Fencing Off Al-Shabab

26 March – Source: Al-Ahram Weekly – 739 Words

Kenyan authorities have decided to fence off part of its eastern borders, especially along the Lamu coastal region. The move comes after years of terrorist attacks by Al-Shabab, and growing calls to stop illegal immigration from its war-torn neighbour, Somalia. Lamu Governor Issa Timamy was pleased with the decision. Speaking to the pro-government newspaper Daily Nation, he said that the wall is expected to be finished before the end of the current year. “This is a good idea and we support it because we believe it will go a long way to secure this region, and indeed the country as a whole,” Timamy said. The Kenyan wall is expected to keep Somalis from infiltrating into the areas of Ishakani and Ras Kombani, where “immigrants have been arrested trying to cross into the country,” Timamy added. Many Kenyans welcomed the move, mostly because of concern over the increased persistence of Al-Shabab’s bloody campaign against their country. Since 2011, the insurgent Somali group has killed 400 people in Kenya and injured 1,000 others.

One of the most spectacular operations by Al-Shabab was in September 2013, when they seized the Westgate Shopping Centre in Nairobi, leading to a confrontation in which 67 people died. In November 2014, Al-Shabab attacked a bus near Nairobi, killing 28 civilians. A month later, the group brutally killed 36 Kenyans near the border. Kenyan journalist Mohamed Qassem attributes the successes of Al-Shabab to the indignation felt by the Muslim community after years of government neglect. Muslim Kenyans who fought within the ranks of jihadists abroad are coming home to set up their own militant outfits, according to Qassem. They often depict their conflict with the government as one between Islam and Christianity. According to US sources, Al-Shabab has recruited 60 Somali Americans to its ranks. The group may use these individuals to carry out attacks on the US, which has spent over $40 million to train Somali security services. A New York Times report notes that Al-Shabab managed to recruit Somali Americans through its social media activities, especially on Facebook. Not all Kenyans are thrilled about plans to wall off their northeast neighbour. Human rights groups voiced concern over the plan’s adverse implications for the inhabitants of border areas.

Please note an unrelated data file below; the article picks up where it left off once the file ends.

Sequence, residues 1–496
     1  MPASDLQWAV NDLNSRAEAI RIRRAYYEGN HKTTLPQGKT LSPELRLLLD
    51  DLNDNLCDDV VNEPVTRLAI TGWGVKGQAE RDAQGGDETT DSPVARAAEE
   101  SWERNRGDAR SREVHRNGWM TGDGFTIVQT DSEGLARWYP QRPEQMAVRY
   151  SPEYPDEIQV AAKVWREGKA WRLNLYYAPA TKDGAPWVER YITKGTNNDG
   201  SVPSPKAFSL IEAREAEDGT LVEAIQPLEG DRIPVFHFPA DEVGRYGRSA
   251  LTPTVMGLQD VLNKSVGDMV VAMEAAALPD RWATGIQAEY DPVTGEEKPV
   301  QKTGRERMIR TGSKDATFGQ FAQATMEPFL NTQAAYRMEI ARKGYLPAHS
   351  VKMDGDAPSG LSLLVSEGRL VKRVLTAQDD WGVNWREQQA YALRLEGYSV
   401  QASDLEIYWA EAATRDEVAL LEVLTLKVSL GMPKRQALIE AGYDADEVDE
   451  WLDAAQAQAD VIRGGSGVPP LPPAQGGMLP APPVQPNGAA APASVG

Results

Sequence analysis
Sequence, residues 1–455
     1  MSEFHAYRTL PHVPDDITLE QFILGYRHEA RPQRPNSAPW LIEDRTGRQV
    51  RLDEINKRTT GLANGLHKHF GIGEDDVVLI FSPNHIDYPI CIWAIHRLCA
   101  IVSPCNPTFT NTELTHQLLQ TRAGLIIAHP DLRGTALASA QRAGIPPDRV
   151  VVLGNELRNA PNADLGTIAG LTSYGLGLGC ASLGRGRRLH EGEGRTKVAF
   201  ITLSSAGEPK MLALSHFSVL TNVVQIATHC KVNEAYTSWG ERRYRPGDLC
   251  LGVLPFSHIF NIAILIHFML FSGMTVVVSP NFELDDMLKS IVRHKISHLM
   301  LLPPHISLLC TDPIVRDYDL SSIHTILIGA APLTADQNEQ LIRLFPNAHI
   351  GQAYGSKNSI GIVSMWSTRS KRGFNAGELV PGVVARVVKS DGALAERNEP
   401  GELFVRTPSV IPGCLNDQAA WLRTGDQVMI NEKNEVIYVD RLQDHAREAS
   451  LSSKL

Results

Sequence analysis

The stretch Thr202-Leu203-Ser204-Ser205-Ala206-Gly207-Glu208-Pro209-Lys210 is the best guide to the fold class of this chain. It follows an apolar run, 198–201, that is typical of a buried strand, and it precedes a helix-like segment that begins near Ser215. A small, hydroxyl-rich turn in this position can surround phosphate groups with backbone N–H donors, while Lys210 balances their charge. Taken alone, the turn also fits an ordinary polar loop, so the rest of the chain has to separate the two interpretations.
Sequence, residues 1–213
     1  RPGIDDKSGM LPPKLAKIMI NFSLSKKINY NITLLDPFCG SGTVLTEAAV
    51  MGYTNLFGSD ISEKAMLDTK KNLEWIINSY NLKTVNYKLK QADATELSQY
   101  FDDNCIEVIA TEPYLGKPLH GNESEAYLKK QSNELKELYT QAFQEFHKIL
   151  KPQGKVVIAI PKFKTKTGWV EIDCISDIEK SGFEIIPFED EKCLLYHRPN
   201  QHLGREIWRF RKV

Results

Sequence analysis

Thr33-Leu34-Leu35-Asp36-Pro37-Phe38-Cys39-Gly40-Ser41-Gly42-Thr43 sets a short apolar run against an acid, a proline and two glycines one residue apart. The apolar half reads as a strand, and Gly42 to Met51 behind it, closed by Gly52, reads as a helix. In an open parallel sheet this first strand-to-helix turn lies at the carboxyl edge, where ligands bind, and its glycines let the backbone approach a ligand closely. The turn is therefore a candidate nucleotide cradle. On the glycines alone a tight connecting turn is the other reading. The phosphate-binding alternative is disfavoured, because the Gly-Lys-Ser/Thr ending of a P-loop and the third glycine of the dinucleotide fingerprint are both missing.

Top Shabaab Commander Captured

27 March – Source: IOL News – 172 Words

A top commander of the Somali Islamist group al-Shabaab was captured Thursday as he was preparing attacks in the country’s capital, a senior intelligence officer said. The source, who spoke on condition of anonymity, said it was too early to name the commander, because investigations were still underway. He was captured with three other suspected al-Shabaab militants as security forces stormed their hideout in northern Mogadishu. Security forces seized weapons, explosives and ammunition. The commander is believed to have masterminded several suicide attacks or assassinations in Mogadishu over the past few months, the source said, declining to give more details. Government spokesman Ridwan Hagi Abdiwali confirmed that the four had been captured and said the government would soon release full information. Al-Shabaab issued no comment.

Rochester Ringleaders In Khat-Trafficking Sentenced

27 March – Source: Democrat & Chronicle – 580 Words

Three men, including two from Rochester, have been sentenced for their roles in a worldwide trafficking ring specializing in the distribution of khat, a stimulant common in Africa but unknown to many people in the United States. Pleading guilty to the charge of attempted operating as a major trafficker were Rochester residents Bayan Yusuf and Ahmed Adem, both 32. Yusuf and Adem were identified by state Attorney General Eric Schneiderman’s office as two of the three ringleaders in the scheme, which operated out of a public storage facility in the city, as well as storage facilities in Queens and Brooklyn. They will be sentenced to two years in state prison. Also pleading guilty was Yadeta Berki, 24, of the United Kingdom, who set up the trafficking ring.